The irony on the movie is that when Saif has a acid trip in the movie, a disclaimer pops up discouraging the use of narcotic and psychotic substances, however the movie seems to tilt towards saying, that acid trip is not that a bad thing, and probably is ‘an experience’. Kaalakandi is a Marathi term ( thank you google!) meaning ‘when all goes wrong’, here also the movie seems to tilt towards saying, everything is wrong, and probably nothing matters.
Kaalakandi in a way reminded me of the movie Babel, where lives of series of people intersect at an event.
Babel revolves around seemingly unrelated people, giving the viewer a bird’s eye view of an event with back stories of each character involved. The plot is how a Japanese hunter gifts his gun to his help, and the gun ends up in hands of teenagers, who in a rush of teenage rashness practice shooting at a moving object: a bus, which ends up hitting a passenger on the bus. Parallel to this, the passenger’s children through a series of events end up in Mexico, and have a ordeal of their own while returning home.
Back then my only take from the movie was, “Do not travel to exotic places, unfortunate things happen!”, because all the events take place at locations which are not necessarily tourist spots. With time I appreciate the movie much more. The nuances, life for the Japanese hunter whose gun is used in the shooting, the whole event is just a footnote in his life, and his struggles with his daughter, even though in a way his gifting of the gun started the entire cycle, he is completely oblivious to the consequences. It questions the whole cause, effect, reasoning, emotional bonding, aspects of life.
Kaalakandi is on a similar vein to Babel, where characters intersect without knowing their role in each other’s lives. The key is that Kaalakandi is set up as a Black comedy, hence has more pace, thrill, and excitement.
Considering Delhi Belly (the previous film of director writer Akshat Verma) the expectations with Kaalakandi were quite high. I wanted to watch the film on Friday, however a Anurag ‘real’ fan meant Mukkabaaz took priority on Friday, so I followed up with Kaalakandi on Saturday. Both films are not conventional, in premise and in ending.
Kaalakandi’s premise has more promise, certainly with the start, Saif Ali Khan takes full heart to the character and performance, and conveys with sincerity a person questioning himself, a person unsure, a conflicted person, not knowing what lies ahead. Parallely Vijay Raaz and Deepak Dobriyal kick start a Delhi Belly level of humor. Both storylines are intense, and achieve a level which are of a level of a good Black Comedy.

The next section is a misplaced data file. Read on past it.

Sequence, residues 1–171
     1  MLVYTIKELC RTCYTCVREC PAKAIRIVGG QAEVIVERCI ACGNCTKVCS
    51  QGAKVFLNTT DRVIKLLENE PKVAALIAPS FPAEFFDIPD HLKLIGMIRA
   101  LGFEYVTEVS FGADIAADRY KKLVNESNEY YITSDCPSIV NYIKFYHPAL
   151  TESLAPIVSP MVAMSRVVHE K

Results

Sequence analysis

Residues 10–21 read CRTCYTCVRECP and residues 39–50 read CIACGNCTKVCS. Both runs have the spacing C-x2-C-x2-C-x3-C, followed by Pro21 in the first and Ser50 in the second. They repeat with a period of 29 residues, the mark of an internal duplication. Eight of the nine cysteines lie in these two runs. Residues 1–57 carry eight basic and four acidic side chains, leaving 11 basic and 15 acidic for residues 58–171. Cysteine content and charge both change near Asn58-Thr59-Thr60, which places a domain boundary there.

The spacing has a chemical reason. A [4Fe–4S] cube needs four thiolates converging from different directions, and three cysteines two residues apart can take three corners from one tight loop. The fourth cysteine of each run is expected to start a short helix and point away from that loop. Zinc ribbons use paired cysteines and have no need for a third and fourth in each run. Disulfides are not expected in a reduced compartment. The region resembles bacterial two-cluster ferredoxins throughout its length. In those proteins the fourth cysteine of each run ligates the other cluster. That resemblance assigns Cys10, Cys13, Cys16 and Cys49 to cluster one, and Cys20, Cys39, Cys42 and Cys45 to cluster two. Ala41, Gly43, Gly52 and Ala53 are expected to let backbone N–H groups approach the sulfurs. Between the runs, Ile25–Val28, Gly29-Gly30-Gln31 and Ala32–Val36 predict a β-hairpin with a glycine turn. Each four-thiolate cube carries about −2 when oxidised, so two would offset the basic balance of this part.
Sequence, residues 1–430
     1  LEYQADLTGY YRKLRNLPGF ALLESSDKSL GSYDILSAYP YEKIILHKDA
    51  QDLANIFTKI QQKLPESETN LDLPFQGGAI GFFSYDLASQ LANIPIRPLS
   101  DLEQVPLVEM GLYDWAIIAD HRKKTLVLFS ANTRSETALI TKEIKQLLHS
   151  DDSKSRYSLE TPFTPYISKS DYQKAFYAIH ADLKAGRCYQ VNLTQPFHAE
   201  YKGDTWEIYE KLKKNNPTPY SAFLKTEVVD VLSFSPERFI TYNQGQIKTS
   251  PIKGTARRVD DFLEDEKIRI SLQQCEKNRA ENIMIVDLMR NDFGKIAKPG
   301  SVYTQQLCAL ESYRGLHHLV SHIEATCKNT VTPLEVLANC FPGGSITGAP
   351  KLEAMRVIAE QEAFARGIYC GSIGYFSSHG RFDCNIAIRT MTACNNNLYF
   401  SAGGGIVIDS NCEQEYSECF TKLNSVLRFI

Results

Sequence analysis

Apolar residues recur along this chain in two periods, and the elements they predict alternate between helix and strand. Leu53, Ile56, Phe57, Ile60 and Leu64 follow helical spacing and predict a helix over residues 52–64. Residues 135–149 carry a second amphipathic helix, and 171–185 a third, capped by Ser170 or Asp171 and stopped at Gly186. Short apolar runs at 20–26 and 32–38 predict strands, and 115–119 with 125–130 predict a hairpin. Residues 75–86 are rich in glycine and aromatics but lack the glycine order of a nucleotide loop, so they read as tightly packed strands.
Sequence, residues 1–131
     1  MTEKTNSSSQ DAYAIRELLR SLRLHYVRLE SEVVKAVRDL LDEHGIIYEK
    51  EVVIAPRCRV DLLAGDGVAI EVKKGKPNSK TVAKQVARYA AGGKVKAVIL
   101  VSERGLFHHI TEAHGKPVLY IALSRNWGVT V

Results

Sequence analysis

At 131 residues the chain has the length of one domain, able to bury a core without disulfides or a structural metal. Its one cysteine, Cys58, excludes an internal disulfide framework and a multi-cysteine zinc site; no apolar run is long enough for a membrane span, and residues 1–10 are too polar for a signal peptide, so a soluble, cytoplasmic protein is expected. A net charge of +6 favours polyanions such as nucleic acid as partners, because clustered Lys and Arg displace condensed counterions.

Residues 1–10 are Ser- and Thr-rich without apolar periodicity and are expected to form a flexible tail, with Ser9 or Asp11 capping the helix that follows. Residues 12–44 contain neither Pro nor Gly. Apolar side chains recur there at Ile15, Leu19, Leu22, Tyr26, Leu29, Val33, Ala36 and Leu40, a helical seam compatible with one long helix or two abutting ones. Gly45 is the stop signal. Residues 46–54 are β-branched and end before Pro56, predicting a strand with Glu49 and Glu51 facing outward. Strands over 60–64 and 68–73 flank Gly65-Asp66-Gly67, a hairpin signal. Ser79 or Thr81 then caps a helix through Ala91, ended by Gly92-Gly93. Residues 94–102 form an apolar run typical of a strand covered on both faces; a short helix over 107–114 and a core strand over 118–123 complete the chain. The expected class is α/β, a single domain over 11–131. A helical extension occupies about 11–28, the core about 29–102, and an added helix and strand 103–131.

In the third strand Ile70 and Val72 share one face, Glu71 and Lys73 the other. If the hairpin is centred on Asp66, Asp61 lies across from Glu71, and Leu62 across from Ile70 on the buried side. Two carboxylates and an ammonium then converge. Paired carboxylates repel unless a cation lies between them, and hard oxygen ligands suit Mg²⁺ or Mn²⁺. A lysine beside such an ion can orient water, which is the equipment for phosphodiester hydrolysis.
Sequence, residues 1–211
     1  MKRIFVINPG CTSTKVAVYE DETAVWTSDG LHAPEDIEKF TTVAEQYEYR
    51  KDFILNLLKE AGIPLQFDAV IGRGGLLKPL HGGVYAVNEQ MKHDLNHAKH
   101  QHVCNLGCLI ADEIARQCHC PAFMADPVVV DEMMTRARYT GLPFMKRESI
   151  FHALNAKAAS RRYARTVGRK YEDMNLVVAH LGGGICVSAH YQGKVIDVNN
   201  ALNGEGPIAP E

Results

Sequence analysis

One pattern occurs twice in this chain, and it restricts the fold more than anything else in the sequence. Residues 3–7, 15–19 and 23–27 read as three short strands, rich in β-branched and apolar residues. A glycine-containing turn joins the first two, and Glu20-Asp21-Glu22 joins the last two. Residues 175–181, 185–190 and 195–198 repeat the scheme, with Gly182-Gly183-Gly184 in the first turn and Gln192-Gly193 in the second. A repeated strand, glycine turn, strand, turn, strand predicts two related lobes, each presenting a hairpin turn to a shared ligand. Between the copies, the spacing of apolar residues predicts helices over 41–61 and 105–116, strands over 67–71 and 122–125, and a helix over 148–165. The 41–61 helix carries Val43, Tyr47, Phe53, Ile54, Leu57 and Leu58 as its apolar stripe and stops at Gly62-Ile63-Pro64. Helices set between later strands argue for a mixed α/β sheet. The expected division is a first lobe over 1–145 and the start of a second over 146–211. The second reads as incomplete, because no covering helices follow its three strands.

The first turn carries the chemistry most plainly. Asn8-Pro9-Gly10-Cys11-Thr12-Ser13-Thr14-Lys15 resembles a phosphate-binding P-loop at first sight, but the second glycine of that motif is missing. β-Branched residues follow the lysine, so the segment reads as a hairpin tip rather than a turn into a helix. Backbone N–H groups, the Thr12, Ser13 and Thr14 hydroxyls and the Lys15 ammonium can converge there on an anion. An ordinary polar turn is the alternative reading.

Where the movie falters is the third story involving Kunal Roy Kapoor, which seems to be forced upon. Probably it is purely because it is parallel to an amazing Saif Ali Khan, a comparison gets drawn as you watch the movie and their performance seems a bit off. Even the realization and the trip to the police station to confess, are difficult to process
The good thing about the movie is that there is no Catharsis, the story lets things just be, and has people just going with the flow. It stays with the spirit of Nothing Matters, Everything is Shit, for all central characters. Personally, I would have loved if the last gun shot was not fired, and there was some other way in which Deepak Dobriyal’s character meets his end. Don’t get me wrong, the end as it is is quite fun, and draws a lot of laughs, however, It would have taken it to another level, I mean we would have waited for intersection of the two plots and it does not come, the director just playing with the audience keeping the plots unrelated, purely Parallel !.
Just realized it as I am finishing this, I might have used Parallel and Intersection together….. well – “everything is wrong, and probably nothing matters”